Despite the presence of these databases, it is surprising to learn that 80% of enterprise applications still have at least a single unpatched vulnerability. Such a point of weakness is simply the sign of a data breach waiting to happen. With a vulnerability scan, however, your IT department can identify and patch vulnerabilities as well as come up with sustainable solutions.
Here is what to know about vulnerability scans and their use in building a strong cybersecurity posture:
What Is Vulnerability Scanning?In a nutshell, vulnerability scanning involves assessing your business’ systems for security issues. This includes systems like servers, virtual machines, laptops, desktops, firewalls, printers, switches, and containers. A vulnerability scanner will attempt to establish the operating system, software, open ports, and any user accounts that a scanned system contains.
Once it is done building an inventory of your IT assets, the scanner will then compare every item in the inventory against the data in vulnerability databases to identify if any of these items have vulnerabilities. It is the role of your IT department to work on patching the vulnerabilities that demand attention. The comforting thing is that most of the vulnerabilities in these databases already have a patch, which you can apply to your affected systems.
Vulnerability Scanning Vs. Penetration TestingAlthough they are quite different, it is common for people to confuse vulnerability scanning with penetration testing. A vulnerability scan aims at identifying corporate systems that might be subject to already known vulnerabilities, while a penetration test aims at identifying weaknesses within your organizational processes and practices as well as specific system configurations that could easily be exploited by cybercriminals. Here are some of the practices that are involved in a penetration test, but aren’t done in a vulnerability scan:
- Sending users phishing emails with the aim of accessing their accounts
- Intercepting unencrypted passwords that are shared over the network and using them.
- Using other social engineering techniques to gain access to corporate accounts and data
The Vulnerability Management ProcessThere are four steps of vulnerability scanning, which include:
1. Identification of Vulnerabilities
In this part of the process, you will need to use a dependable vulnerability scanner to identify vulnerabilities in your system. The efficacy of your scanner will depend on:
- Its ability to locate and gather system information about the different devices, software, and open ports, among other system devices.
- Its ability to compare this information against the information from one or multiple vulnerability databases
Since a vulnerability scan can easily affect the performance and stability of your system, you should consider configuring the scan to be less intrusive or aggressive. A good solution to this would be to conduct the vulnerability scan outside business hours, although this might limit the chances that employees will have connected their laptops to the network for the scan.
Among the best ways to circumvent this challenge would be to conduct adaptive vulnerability scanning, which allows the scanner to identify changes to the network, such as when an employee connects their laptop to the system for the first time. In this situation, the scanner will launch automatically to scan the device instead of waiting for the next scan. To be safe, you should also consider creating a culture that makes reporting vulnerabilities easy.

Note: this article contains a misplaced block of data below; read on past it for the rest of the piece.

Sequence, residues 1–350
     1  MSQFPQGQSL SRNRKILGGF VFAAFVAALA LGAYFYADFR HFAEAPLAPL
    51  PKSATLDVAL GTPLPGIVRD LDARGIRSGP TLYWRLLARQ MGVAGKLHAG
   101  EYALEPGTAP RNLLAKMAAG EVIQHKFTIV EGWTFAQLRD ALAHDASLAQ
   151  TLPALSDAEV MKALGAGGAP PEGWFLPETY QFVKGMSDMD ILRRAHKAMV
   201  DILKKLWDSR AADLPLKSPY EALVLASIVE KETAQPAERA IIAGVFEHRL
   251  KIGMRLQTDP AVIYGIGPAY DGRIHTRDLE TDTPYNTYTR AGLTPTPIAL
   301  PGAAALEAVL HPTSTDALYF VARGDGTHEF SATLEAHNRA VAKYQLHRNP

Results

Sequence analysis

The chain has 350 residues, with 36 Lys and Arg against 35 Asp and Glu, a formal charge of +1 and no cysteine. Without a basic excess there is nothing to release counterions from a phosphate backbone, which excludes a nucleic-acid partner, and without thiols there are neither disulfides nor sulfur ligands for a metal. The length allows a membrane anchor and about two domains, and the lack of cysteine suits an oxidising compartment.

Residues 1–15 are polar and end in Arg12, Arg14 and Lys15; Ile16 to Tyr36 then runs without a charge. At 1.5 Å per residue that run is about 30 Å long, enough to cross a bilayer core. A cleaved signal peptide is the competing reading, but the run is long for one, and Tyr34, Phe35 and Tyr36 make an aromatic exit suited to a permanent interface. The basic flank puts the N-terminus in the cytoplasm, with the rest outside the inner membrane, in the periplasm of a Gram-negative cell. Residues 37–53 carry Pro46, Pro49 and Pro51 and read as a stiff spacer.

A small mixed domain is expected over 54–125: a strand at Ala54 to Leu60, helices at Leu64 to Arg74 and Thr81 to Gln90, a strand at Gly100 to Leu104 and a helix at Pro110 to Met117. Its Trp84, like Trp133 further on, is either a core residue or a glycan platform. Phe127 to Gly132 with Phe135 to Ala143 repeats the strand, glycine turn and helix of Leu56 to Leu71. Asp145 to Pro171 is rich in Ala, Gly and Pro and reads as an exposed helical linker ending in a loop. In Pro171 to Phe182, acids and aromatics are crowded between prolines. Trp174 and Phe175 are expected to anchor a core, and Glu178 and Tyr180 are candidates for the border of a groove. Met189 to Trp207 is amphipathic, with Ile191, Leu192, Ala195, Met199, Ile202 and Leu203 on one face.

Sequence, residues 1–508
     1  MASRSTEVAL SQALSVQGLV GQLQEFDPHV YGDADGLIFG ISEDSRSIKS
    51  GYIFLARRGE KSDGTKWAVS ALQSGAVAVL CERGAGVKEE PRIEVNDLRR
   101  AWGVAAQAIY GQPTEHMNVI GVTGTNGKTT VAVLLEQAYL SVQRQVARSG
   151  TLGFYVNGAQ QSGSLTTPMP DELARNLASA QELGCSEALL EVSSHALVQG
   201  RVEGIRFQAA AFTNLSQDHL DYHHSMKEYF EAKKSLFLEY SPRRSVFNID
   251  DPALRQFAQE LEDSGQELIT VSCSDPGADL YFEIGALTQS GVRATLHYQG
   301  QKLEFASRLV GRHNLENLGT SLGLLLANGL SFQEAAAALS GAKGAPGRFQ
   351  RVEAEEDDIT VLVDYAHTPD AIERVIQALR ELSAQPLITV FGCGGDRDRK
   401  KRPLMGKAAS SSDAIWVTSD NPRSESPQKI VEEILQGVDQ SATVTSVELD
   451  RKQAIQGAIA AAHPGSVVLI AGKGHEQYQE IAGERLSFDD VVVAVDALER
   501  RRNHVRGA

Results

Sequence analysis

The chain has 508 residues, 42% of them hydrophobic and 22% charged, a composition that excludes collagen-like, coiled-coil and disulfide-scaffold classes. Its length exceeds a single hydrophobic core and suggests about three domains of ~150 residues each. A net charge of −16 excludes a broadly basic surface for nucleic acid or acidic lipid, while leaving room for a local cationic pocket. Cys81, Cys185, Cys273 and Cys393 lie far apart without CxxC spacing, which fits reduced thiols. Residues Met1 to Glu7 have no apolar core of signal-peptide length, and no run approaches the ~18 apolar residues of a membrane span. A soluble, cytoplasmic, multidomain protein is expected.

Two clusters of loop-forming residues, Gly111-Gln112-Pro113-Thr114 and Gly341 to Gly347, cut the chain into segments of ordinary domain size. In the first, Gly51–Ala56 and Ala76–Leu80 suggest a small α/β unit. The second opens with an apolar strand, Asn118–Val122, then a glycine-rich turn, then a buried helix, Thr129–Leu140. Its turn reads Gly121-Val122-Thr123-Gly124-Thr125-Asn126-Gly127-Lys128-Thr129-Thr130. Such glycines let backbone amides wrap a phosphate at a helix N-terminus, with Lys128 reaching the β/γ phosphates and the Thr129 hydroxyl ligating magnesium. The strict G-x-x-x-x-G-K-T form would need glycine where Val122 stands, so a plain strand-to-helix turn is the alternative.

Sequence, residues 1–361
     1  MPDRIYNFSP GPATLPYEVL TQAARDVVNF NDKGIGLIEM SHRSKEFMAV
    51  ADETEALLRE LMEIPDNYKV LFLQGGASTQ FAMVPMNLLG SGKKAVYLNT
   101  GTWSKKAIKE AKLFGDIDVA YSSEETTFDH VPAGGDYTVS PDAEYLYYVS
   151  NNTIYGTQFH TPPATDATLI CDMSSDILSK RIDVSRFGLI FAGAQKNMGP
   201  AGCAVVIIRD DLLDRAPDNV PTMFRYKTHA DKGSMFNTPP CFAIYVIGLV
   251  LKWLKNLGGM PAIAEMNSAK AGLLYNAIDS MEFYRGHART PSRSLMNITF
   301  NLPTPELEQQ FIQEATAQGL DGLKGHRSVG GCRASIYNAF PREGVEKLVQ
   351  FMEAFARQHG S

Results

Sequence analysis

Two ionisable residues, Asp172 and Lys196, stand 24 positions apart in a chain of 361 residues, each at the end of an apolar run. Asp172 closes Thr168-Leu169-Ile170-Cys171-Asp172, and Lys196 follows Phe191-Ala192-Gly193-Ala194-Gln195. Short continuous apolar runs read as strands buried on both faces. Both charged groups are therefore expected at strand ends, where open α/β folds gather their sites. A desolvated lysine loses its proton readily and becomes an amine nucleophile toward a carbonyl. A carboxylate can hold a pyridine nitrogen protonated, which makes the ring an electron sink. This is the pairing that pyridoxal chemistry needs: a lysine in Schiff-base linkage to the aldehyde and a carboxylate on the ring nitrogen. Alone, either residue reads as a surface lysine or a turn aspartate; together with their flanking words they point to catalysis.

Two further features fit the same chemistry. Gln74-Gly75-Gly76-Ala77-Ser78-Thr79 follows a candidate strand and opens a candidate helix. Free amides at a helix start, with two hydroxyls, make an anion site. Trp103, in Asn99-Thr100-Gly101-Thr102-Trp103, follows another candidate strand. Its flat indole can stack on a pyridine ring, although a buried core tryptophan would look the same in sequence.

2. Evaluating the Risks
Vulnerability scans can present IT teams with a large number of vulnerabilities, which can be tiring to patch. Evaluating the risks posed by the vulnerabilities will help your team triage the vulnerabilities to identify those that need the most attention. With enough evaluation, your team will establish:
- The potential impact of a vulnerability
- The effectiveness of current security controls in dealing with the risk posed by the vulnerability
- The practicality of hackers exploiting the vulnerability
- Whether a vulnerability was a false positive or not
Ranking these vulnerabilities also ensure that IT and business resources are used optimally.
3. Treating the Identified Vulnerabilities
In a perfect world, solving system vulnerabilities would be as easy as applying their ad hoc patches. Unfortunately, this option isn’t always available owing to limited business resources and premature vulnerability patches. Your IT team might need to look for other ways to circumvent the risk posed by the vulnerability.
For instance, you can stop using the vulnerable system to mitigate the risk. You could also add other security controls to your existing ones to make it tough for hackers to exploit the vulnerability or reduce the impact that a successful exploit could have on your business. If the cost of mitigating the vulnerability is lower than the impact of a successful exploit, you should consider accepting/ignoring the vulnerability.
4. Report the Chosen Treatment Measures
Reporting these measures ensures that they are well-documented. IT teams and employees can refer to these documents whenever they need to access this information. The documents can also help with complying with regulations that require such reports.
Vulnerability databases were created to make it easier for businesses to deal with known vulnerabilities. It would be a shame to have your business maimed by one. For the sake of your security posture, add vulnerability scans to your cybersecurity strategy, and enjoy using secure systems.